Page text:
In the classic the calculus of constructions paper there is a rule that states

enter image description here (page 7 of the pdf, page 101 of the original document)

This rule would mean that any context is reducible to a member of that context. This seems like it shouldn't be correct, as it would entail

1 ≅ Nat
3 ≅ Nat
1 ≅ 3

if Nat is a context.

I think the best interpretation is that the lower delta was meant to be an M. Especially considering the rules given on the next page.

So is this simply a typo, or some subtle logical rule that I don't understand?


1 Answer 1


You are correct, there is an error in that paper, and the rule should indeed read: $$\frac{\Gamma\vdash M:\Delta}{\Gamma\vdash M\cong M} $$

the use of jugements of this style for equality (sometimes called "typed equality") originates already in Martin-Löf, I think (see here for example). It's often replaced with an untyped operational definition in modern treatments, where there is no jugement of the form $\Gamma\vdash N\cong M$, and conversion is defined on raw terms.

Somewhat counter-intuitively, proving that the system with typed conversion is equivalent to the one without types is very difficult, and was settled in 2010 by Siles and Herbelin.

  • $\begingroup$ "Modern treatments" here means "computer sciency treatments that are mostly interested in computation". $\endgroup$ Commented Dec 3, 2016 at 15:42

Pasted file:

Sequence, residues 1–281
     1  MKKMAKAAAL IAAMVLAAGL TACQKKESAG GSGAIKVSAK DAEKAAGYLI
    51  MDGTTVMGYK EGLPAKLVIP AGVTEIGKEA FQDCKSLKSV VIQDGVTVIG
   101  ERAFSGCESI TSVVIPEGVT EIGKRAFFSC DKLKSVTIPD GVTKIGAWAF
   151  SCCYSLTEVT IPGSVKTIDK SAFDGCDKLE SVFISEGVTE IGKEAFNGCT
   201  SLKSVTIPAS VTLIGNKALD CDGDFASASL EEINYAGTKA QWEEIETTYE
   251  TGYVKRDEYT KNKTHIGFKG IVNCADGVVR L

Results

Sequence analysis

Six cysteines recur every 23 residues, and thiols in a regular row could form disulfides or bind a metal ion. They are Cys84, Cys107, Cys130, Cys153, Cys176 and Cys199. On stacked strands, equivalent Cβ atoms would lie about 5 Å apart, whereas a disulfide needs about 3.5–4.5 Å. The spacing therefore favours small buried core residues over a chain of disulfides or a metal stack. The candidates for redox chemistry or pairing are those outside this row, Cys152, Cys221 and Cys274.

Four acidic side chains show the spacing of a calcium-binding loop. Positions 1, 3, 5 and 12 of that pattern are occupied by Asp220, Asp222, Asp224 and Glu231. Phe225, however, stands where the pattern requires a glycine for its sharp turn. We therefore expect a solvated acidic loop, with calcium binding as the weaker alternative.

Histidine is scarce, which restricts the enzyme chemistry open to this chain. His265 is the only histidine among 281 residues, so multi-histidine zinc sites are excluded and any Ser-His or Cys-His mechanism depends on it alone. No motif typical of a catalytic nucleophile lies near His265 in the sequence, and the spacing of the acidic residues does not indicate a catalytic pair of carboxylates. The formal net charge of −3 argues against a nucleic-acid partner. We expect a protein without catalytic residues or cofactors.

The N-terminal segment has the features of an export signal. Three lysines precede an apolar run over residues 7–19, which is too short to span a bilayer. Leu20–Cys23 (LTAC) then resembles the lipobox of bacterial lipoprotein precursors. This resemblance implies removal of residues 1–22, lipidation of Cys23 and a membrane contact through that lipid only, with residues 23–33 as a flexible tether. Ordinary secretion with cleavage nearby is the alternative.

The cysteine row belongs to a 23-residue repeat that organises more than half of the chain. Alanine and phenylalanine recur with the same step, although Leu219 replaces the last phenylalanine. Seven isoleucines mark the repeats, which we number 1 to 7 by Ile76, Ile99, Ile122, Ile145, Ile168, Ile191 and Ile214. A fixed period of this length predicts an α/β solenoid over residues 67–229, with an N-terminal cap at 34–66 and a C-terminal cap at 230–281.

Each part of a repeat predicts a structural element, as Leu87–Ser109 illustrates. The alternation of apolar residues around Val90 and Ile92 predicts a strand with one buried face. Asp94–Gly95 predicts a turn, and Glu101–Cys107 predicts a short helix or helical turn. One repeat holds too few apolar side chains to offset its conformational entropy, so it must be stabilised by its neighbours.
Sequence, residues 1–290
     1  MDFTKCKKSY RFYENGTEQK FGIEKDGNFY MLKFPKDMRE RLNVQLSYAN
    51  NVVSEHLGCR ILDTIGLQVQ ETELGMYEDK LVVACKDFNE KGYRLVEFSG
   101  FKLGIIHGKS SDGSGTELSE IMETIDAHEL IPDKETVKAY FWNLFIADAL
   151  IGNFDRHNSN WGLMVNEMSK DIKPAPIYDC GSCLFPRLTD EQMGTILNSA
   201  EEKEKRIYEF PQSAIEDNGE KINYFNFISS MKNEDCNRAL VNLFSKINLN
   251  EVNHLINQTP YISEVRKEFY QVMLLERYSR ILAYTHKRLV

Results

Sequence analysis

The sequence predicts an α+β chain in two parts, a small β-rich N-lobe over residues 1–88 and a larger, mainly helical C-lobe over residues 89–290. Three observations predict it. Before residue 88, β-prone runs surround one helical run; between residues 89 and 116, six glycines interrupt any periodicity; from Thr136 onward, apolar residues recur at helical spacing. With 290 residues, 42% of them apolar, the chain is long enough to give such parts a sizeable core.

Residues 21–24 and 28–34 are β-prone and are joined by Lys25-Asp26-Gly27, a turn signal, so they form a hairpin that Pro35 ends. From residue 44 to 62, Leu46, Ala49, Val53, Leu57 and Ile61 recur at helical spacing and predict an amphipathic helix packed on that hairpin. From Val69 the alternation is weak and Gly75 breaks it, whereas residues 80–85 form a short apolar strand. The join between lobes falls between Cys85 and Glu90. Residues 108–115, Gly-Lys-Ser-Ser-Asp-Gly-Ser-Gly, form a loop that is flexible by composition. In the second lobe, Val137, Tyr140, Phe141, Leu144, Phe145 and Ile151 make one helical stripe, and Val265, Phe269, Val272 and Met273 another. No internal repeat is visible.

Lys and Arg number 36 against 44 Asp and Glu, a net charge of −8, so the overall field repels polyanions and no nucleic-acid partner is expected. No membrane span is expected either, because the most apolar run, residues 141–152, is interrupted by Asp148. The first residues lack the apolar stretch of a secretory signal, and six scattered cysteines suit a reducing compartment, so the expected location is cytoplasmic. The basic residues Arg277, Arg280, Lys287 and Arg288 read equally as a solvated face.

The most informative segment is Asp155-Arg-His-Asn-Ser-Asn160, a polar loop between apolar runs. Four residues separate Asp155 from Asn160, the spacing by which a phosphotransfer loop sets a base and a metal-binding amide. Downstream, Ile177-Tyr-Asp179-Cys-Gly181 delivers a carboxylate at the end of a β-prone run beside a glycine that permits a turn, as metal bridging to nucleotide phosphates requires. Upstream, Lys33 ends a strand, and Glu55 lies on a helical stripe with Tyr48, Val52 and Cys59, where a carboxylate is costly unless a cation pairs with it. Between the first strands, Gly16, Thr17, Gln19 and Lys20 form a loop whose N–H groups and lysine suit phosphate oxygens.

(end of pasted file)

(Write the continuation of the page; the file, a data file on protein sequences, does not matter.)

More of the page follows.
• $\begingroup$ Fair enough. I almost brought up "Swedish" vs "French" schools of type theory, but I'm not sure that distinction actually exists. $\endgroup$
    – cody
    Commented Dec 3, 2016 at 16:35
  • $\begingroup$ There is no such distinction, as witnessed by the fact that Thierry Coquand lives in Sweden. They're all computational. $\endgroup$ Commented Dec 3, 2016 at 16:38
  • $\begingroup$ @cody: I thought pretty much all modern, computer-sciency treatments uses typed judgments, because it's the most convenient way to get the eta for pi/sigma. (Certainly Coq and Agda support that.) $\endgroup$ Commented Dec 7, 2016 at 11:39
  • $\begingroup$ @NeelKrishnaswami Typed conversion is necessary for eta to make sense in most situations, but I was under the impression that it could make meta-theory considerably more tricky. Maybe I'm entirely wrong and it actually makes everything simple. There's also the question of optimizing the conversion check in order to do the least amount of work, including extra type-checking obligations. Surely this would be a great follow up question. $\endgroup$
    – cody
    Commented Dec 7, 2016 at 16:02

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